Let Them Eat Cake

By Lynne Westbrook. Lynne is currently residing in Ranger, in the United States. She works with FarmHer, and as a homeschool teacher and therapist. Please read her article and leave your thoughts and comments below.

Henry Ford knew most humans were somewhat restricted in their thinking. He, on the contrary, was an innovator – one that many would say was “ahead of his time”. That is an interesting phrase and while none of us can bend the borders of space and time and be truly ahead of our time, there is meaning behind that phrase.  To me, it signifies someone who is able to think outside the walls of their current situation. To think within those walls simply takes observation, but to think outside of them takes imagination and faith.

Since the beginning of time there have been the Marie Antoinettes and Henry Fords of our world. There are those who will look at a situation and a problem within that setting and the only solutions they can even begin to muster up involve the very components of their current environment.  Since the ill-fated queen of France and Navarre was only fifteen when she married Louis XVI and was thrust into a social and political hurricane she was not prepared for, history should be forgiving of her famous words. “Let them eat cake” was not founded out of cruelty, but rather only being able to see within the walls of her personal situation. After all, when the palace was running low on crusty French bread, there was always those sweet little petit-four cakes.

Henry Ford had a very different upbringing as a farm boy in Michigan than Maria Antonia Josepha Johanna had as the aristocratic Austrian daughter of an Empress and Holy Roman Emperor. Henry’s days consisted of waking early and doing lots of farm chores. In fact, one winter, instead of doing his chore of shelling corn, he made a machine from scratch that shelled corn.

It is my opinion that creative thinking is fostered by need. If you have no need to find a very different solution, then you will just find a mediocre one. Henry Ford saw this logic or failed logic in the world around him. In his world of one-room schoolhouses and farm chores there were lots of opportunities to think independently and he was not limited by the do’s and don’t’s of many other children. He did not finish college and did not even attend college until later in his life, but he was a lifelong learner. In fact, he not only thought with imagination for his revolutionary factory production of the Model T automobile, but is also credited with “Fordism”, a concept that combined the production model with high wages for workers. If you see the theme here, you are following my thread. Innovation is born out of desire for positive change and made out of necessity to think differently than those before you.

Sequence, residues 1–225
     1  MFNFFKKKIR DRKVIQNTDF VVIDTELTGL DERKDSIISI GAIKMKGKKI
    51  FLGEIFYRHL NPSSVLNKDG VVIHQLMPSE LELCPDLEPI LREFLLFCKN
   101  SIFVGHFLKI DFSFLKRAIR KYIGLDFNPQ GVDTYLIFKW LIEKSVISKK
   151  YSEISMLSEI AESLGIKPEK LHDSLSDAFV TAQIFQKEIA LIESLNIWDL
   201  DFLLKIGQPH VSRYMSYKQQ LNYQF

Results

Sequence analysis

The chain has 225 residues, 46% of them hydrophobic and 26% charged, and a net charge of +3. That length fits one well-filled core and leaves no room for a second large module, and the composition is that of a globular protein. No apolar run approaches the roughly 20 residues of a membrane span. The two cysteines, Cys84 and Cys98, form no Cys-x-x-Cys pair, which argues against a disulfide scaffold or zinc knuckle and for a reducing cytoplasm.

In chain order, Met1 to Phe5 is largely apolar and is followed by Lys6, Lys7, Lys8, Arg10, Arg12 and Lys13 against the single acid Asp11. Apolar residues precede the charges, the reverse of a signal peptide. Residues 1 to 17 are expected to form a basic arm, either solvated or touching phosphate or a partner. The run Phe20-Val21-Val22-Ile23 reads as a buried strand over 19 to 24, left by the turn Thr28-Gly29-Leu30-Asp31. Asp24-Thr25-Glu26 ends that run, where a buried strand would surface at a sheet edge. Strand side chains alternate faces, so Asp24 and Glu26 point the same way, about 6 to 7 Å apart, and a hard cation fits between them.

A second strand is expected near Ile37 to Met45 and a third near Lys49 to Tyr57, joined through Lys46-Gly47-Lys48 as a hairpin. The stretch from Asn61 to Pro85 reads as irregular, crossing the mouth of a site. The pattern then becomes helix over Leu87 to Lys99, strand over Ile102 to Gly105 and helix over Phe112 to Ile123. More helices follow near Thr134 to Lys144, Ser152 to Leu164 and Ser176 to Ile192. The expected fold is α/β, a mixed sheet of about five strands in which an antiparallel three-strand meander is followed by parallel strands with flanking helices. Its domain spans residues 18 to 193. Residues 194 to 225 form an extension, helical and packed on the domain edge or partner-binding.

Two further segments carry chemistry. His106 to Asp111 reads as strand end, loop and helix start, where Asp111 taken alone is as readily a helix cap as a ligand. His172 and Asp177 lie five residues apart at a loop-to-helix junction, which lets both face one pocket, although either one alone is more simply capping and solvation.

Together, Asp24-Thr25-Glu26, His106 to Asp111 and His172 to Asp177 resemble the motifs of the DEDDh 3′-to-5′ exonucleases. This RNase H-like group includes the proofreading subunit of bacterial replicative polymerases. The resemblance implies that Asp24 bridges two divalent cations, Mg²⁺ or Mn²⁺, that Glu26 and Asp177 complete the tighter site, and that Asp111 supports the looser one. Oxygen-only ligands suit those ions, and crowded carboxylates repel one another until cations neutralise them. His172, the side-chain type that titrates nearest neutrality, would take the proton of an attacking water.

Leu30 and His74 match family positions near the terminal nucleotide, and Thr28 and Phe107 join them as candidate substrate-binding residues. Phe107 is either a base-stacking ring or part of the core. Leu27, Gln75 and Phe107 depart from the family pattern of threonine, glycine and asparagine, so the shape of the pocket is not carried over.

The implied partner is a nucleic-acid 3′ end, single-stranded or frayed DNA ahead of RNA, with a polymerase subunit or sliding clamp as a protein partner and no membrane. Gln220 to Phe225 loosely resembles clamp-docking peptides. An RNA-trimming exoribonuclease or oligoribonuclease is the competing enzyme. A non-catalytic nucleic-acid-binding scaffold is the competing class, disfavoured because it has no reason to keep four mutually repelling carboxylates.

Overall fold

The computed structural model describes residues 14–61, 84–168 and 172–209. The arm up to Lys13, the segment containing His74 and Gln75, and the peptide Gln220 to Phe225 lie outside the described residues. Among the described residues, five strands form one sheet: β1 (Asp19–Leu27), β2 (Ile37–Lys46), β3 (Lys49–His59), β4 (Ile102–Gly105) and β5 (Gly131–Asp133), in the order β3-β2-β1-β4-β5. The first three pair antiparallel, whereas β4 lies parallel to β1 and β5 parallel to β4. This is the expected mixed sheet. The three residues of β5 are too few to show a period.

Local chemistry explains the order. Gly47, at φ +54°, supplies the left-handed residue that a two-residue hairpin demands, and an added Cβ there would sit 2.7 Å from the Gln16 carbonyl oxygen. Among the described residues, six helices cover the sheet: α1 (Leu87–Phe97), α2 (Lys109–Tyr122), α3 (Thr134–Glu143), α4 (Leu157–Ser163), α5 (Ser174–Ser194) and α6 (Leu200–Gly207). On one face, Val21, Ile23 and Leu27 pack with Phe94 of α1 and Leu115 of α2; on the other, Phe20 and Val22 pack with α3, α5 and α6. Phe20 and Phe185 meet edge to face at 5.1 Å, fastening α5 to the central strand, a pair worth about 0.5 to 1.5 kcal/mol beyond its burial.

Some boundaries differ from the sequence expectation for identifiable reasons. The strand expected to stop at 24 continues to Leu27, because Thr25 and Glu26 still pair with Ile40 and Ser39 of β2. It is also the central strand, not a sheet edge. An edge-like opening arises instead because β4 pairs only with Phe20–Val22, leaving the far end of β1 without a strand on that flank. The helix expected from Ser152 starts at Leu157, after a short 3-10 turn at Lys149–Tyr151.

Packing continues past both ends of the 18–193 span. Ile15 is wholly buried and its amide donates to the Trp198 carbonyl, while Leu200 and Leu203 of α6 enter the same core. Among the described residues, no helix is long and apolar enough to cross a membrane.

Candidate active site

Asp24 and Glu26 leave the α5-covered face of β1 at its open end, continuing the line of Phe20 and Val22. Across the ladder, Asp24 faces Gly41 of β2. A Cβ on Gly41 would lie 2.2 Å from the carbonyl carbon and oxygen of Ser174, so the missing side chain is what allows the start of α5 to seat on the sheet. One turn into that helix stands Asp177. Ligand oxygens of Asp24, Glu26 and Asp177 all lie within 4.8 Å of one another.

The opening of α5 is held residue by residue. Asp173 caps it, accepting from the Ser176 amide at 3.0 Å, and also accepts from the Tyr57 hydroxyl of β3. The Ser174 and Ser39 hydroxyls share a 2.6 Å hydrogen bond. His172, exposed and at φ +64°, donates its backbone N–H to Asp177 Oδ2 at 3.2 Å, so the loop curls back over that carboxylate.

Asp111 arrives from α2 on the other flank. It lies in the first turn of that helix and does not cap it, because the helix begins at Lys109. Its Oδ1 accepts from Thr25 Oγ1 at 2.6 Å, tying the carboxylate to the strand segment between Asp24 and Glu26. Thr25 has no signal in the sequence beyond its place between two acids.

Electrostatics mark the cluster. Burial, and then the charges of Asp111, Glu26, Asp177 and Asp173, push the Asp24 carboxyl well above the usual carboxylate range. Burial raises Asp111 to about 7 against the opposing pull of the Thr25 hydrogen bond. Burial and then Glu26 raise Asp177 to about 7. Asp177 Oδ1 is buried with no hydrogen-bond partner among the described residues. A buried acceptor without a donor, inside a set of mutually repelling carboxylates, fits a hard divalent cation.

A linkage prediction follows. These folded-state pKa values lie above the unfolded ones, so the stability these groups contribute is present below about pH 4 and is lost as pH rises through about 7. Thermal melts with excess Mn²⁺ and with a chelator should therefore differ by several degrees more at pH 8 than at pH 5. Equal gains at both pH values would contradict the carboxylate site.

Henry Ford, when queried about his invention, and the inspiration thereof, said “If I had asked people what they wanted they would have said faster horses.” Let that sink in. Let us imagine If he had “crowd sourced” or conducted a focus group and asked the participants how they would think we should solve the issues around transportation.  Someone might say that the roads needed to be improved. Someone else may suggest the steam locomotive be improved upon and rail tracks expanded. Then, there would be that guy who would say: “faster horses!”

Don’t get me wrong, we need those “faster horses” guys because sometimes a simple solution is the fastest and easiest way to get from point A to point B. Our world, however, really, really needs the innovative thinkers who can think outside of improving upon existing solutions to make something “impossible”.  When Henry Ford first told his friends, he was going to create a mechanical horse on wheels he probably was met with the same sneers our friend Noah saw when he decided to build an ark in dry weather.

As creatures of habit and reinforcement, many people don’t want to step out with new ideas for fear that the crowd will disapprove. Please disapprove! I tell my strong, intelligent daughters that the fear of rejection keeps the best of us from finding the best in us. Throughout history there have been visionaries that have made possible the “impossible”. Throughout that same history there have been the sideline sneerers. I let them know, as often as I can, that throughout their “history” and future they can be the visionary that uses compassion, intelligence, and pure need/necessity to drive the world into a new, innovative direction.

2 comments on “Let Them Eat Cake

    • Marianne Broyles on

      This was a read that was easy in its flow but left me thinking and Henry Ford’s response of what the perceived need is….. “Faster horses!” While the most prolific innovators might be mocked by some, their determination to continue to listen to their voices of critical thought! Very educational and, best of all, inspiring, Lynne! Good for you, too, teaching your girls not to fear failure or thinking differently!


Leave a Reply

Your email address will not be published. Required fields are marked *

Subscribe to our newsletter!